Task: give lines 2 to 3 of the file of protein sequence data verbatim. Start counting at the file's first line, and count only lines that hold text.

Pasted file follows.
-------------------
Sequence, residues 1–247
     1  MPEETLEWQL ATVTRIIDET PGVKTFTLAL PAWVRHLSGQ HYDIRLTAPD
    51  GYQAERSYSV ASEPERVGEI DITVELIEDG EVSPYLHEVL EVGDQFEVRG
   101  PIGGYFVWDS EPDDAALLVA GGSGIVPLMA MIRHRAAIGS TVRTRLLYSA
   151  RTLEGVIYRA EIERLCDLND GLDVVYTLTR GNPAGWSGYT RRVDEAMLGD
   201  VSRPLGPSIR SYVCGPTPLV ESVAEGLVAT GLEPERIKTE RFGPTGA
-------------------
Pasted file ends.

     1  MPEETLEWQL ATVTRIIDET PGVKTFTLAL PAWVRHLSGQ HYDIRLTAPD
    51  GYQAERSYSV ASEPERVGEI DITVELIEDG EVSPYLHEVL EVGDQFEVRG